Pathway to Parallel is intended as a flexable framework of options that bridge the "gap" between traditional gliding/braking wedge foundation beginner pathways at one extreme and the newer "direct parallel" pathways at the other end of the spectrum. I feel that the needs of the majority of current beginners lies somewhere between the extremes and change from class to class. Appropriatly addressing the needs of todays beginners requires having flexable options to choose from that accomidate a wide variety of student expectations, terrain, equipment, class size and time contstraint variables. Pathway to Parallel is based on simple, consistantly repeatable, efficient movents (starting at the feet) that, once learned, only need to be reinforced and adapted in blend of timing, intensity and duration to create most any desired outcome in skiing. The movements never need to be "un-learned" of "replaced" for a student to continue to progress from simple parallel turns day one to expert all-mouintain skiing or even racing as their movements simply become more precise, accurate, and adaptable with ongoing practice of what they learned in their first 20 minutes on snow. In this regard, more like PMTS than PSIA. From an instructor viewpoint however, P2P draws on use of familiar traditional activities (What is done) BUT differs with it's very specific non-traditional How the movements are made (from the feet) and Why they are done (efficient bio-mechanics). P2P quickly builds dynamic balance from activities (releasing/engaging) on cooresponding edges with skis parallel -vs- static balance of a wide wedge on opposing edges (that later must be let go of). P2P was concieved to adapt to work for class needs at either end of the spectrum, from the long ski wedge needy to short shaped spontanious parallelers. P2P should not be thought of as another specific "way to learn to ski" but as an outline of options for teaching people how to learn a process of "learning to ski" any way they want to that makes them happy.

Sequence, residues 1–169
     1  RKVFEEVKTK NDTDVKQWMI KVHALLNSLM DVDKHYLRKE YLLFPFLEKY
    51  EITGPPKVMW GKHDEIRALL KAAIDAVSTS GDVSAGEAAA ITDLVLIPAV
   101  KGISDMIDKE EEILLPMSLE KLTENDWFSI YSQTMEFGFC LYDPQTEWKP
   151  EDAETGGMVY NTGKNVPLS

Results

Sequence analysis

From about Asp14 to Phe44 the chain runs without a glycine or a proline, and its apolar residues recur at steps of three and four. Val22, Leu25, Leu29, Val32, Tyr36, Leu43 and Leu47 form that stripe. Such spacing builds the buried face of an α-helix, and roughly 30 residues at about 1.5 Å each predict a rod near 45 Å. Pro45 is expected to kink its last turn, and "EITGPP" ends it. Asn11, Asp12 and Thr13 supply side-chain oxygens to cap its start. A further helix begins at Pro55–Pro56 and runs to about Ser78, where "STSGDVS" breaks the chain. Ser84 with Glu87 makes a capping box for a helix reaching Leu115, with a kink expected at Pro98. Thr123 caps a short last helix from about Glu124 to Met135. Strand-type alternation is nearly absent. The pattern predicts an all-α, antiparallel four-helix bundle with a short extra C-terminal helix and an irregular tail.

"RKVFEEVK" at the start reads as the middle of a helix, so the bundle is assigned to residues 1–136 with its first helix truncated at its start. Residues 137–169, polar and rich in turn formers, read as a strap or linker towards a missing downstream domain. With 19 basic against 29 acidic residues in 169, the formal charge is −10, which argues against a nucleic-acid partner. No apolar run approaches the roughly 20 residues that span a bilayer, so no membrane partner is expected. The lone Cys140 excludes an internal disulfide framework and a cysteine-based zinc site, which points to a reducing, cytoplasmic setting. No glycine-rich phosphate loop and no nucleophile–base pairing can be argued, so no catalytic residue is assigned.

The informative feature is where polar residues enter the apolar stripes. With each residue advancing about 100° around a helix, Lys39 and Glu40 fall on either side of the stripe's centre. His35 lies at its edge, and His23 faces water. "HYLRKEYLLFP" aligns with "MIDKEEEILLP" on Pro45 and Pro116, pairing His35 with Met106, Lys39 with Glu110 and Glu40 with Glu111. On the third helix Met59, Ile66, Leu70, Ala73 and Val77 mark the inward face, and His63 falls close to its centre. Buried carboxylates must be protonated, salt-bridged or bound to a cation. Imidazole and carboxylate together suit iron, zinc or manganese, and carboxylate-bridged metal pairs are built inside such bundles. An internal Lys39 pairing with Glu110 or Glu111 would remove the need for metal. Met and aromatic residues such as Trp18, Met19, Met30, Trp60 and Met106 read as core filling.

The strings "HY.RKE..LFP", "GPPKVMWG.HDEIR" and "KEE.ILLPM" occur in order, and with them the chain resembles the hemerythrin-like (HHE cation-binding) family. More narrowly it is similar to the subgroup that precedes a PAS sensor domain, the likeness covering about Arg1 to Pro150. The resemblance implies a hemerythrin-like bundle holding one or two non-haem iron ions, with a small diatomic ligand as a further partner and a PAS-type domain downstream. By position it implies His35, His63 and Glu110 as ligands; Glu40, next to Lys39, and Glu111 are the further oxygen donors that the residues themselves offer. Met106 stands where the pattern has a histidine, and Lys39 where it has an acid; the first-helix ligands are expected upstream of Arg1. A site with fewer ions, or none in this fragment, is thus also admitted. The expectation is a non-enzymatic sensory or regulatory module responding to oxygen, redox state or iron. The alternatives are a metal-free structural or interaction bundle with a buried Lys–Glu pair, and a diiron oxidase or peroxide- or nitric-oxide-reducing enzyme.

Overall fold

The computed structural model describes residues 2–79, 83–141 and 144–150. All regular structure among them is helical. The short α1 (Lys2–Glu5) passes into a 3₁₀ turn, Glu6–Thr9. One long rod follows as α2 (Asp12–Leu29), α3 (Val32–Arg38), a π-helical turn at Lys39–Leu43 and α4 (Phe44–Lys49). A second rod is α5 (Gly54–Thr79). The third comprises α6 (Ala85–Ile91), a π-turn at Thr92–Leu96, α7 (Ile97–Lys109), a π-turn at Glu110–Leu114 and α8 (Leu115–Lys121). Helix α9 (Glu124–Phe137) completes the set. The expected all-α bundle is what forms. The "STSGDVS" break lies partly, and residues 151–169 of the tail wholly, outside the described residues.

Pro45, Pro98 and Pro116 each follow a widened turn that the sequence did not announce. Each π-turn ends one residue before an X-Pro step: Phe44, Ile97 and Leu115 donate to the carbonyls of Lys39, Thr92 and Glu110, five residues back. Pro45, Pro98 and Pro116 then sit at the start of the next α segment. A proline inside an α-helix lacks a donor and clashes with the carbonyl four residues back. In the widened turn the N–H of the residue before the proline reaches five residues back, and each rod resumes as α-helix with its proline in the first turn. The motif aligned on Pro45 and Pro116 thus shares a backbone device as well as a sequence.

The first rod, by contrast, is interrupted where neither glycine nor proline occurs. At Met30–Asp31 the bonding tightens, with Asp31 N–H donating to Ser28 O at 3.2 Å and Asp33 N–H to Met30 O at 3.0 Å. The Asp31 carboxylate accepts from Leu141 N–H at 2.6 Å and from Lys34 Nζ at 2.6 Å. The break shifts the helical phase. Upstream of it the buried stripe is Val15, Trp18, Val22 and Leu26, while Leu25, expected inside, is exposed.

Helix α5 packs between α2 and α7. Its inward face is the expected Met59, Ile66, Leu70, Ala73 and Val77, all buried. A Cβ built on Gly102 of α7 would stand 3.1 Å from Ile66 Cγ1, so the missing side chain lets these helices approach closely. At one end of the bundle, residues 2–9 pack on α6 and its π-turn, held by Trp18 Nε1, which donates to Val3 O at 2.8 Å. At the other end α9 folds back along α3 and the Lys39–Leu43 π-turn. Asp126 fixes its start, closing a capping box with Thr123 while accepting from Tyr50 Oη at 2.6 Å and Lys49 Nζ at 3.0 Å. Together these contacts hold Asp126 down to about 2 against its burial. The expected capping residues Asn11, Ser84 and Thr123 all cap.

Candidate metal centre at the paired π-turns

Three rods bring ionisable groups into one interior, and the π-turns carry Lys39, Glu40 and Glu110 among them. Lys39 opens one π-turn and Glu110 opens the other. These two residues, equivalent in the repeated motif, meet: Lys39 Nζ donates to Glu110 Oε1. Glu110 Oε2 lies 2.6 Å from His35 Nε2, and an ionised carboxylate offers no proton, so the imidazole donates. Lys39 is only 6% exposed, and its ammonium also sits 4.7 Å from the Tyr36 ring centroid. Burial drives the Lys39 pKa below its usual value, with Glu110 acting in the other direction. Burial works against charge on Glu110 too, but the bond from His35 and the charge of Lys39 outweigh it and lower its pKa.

post #9 of 25
Thread Starter 
Thank you!
post #10 of 25
Let me apologize again. I'm sure people who have been here a long time and have many posts are sick of the newcomers sticking their $0.97 in, instead of feeling around first and then sticking there $0.02 in. I have spent many hours navigating and searching through previous threads and topics to make sure I don't harp on any old beat up topics that you members have already outdone. I am guilty of not being very active in the summer as Cleveland is a hard place to think about skiing in the summer. I picked up in early October and have missed quite a bit of discussions.

I mean well and mean to spark thoughts that at a minimum will inspire me to think a little more openly about skiing. I'm trying to catch up on many old threads to save you members the repeat song and dance.
post #11 of 25

So what you're really saying is that you're a slacker for not being here in the summer?

Ah, one of those fair weather posters, eh?

post #12 of 25

I won't get into a long arguement on the merits of PMTS. I will comment on the stepping turns and turn radius.

Through demonstration, the beginner is taught to edge in both the boot drills and static ski drill. They are taught to start their movements at the feet, not the waist. This is transferred to the dynamic movements on skis in an actual turn.